We are looking to purchase our first SAN and are still a bit foggy about how and what to buy. We are currently...
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looking at an MSA 1000. Have you done any comparisons on the HP MSA 1000 vs. EMC SAN?
If so, where can I find that information for research and comparison purposes?
In my ongoing effort to be company and product neutral, I do not make recommendations on one product over another. Doing head-to-head comparisons should be left up to the person making the decision.
Purchasing your first SAN can be a very trying experience. The IT folks like yourself, who are tasked with this project, need to do their homework. As yourself these questions:
1. Do you really want a SAN?
2. What about NAS?
3. Would that be better for your current environment?
4. How fast are you growing?
4. Are your current choices able to scale with your needs?
5. Which vendor offers the best support?
6. Who has the most experience with your particular applications and operating systems?
7. What are the on-going and hidden costs?
These are just a few questions you need to ask yourself before you make a purchase decision. The best way to proceed is create an RFI (Request for Information) from all the major storage vendors, select two vendors based on which two meet your needs most closely from their replies and then have them either demo the equipment or let you do a "try and buy," so you can actually "kick the tires."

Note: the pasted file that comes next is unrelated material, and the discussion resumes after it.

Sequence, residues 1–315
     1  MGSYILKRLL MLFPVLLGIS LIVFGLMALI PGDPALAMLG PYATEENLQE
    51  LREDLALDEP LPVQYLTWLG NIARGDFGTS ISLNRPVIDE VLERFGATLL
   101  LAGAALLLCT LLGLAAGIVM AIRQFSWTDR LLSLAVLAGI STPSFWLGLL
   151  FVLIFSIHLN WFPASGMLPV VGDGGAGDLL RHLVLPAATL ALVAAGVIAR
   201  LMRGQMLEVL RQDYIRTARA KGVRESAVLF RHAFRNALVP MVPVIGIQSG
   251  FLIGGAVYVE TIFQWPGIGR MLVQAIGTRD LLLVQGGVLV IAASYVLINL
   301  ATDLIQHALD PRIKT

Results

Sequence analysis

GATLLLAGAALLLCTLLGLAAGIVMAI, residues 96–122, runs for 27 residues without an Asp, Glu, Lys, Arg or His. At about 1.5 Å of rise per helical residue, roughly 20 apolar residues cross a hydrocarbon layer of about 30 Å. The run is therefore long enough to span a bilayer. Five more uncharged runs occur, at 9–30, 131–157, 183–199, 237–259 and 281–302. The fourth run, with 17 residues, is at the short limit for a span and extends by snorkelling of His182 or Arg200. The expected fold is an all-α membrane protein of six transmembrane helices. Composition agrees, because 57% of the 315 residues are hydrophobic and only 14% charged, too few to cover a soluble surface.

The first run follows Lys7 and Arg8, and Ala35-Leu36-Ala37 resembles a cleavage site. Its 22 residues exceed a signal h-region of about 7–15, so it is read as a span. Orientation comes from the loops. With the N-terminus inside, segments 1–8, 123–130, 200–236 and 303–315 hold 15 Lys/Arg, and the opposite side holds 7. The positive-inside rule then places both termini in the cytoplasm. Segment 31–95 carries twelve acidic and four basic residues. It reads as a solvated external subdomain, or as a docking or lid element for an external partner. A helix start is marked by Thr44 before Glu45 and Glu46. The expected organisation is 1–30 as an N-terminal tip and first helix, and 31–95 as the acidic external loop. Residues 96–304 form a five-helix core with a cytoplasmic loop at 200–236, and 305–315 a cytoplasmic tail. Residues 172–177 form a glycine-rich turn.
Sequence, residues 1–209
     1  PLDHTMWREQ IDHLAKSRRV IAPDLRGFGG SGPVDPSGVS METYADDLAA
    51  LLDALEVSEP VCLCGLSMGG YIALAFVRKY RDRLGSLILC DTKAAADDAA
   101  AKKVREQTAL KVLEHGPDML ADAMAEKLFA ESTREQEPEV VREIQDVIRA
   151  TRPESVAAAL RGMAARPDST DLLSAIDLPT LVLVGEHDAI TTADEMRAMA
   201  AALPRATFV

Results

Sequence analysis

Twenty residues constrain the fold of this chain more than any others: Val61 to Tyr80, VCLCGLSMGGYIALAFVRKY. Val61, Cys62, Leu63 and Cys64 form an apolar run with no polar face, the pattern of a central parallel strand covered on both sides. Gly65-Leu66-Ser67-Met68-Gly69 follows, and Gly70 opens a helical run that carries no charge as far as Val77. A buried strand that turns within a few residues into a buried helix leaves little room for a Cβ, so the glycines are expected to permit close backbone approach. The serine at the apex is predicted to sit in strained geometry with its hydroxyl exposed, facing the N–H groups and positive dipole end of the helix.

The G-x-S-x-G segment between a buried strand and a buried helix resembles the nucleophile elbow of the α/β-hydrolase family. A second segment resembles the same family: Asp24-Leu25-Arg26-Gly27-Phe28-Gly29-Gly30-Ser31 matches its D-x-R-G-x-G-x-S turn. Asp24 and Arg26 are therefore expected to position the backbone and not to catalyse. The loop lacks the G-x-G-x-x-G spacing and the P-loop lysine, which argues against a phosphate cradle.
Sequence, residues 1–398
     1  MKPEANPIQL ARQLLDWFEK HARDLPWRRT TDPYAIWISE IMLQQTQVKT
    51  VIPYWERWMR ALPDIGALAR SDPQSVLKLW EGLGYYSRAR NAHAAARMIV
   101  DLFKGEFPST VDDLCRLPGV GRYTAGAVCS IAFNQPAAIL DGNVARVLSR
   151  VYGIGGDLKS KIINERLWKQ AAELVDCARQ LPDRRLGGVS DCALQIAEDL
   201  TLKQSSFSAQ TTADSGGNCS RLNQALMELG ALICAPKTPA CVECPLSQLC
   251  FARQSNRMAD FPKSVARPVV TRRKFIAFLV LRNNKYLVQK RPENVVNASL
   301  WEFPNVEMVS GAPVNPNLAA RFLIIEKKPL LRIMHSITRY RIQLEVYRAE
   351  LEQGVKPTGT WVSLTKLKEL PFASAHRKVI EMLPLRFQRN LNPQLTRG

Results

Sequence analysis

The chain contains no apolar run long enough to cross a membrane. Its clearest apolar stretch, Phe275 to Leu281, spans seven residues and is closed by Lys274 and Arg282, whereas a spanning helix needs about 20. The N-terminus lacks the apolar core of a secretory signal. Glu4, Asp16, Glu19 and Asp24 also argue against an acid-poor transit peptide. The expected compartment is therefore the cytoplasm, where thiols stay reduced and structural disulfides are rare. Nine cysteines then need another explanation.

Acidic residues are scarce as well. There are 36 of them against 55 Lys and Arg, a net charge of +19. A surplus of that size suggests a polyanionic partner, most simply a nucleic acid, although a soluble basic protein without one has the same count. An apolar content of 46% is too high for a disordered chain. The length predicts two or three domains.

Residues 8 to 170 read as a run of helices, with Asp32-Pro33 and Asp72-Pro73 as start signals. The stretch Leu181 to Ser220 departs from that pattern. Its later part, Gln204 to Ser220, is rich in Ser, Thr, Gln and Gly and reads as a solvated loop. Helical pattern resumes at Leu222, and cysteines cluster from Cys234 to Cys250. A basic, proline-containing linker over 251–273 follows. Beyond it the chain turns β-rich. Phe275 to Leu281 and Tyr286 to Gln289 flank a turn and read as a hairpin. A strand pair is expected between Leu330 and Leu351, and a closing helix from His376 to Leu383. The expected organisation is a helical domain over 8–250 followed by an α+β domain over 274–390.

This is not a blatant plug but I have a whole chapter dedicated to purchasing SANs in my book "Storage Area Networks for Dummies." Here is a brief excerpt:
There are several common issues that are part of the decision making process in every storage acquisition. These include:
- Product descriptions
- Company viability
- Supported platforms
- Disaster recovery
- Power consumption/Floor space requirements
- Product lifecycle
Your RFI should contain the list the above questions. Use the answers to these questions as the criteria for choosing your storage vendor. The questions should be submitted to a large cross section of companies that develop or integrate storage products. The answers submitted by each company should give you a feel for how the vendor fits into your strategy for making storage purchase decisions. By weeding out the companies whose products or services are not a good fit, you will be able to develop a "short list" of companies that you will feel comfortable doing business with.
Once you have a short list of companies defined, you will want to get more details on their capabilities to determine if the vendors products can solve your business problems. You will need to make sure their service organization has the technical expertise to support you, and if you are a global company, has facilities located at sites world wide located near your facilities. You will also want to make sure they have a good training program so you can become self sufficient with their products. The answers to the questions will help you get a good feel for who you are doing business with.
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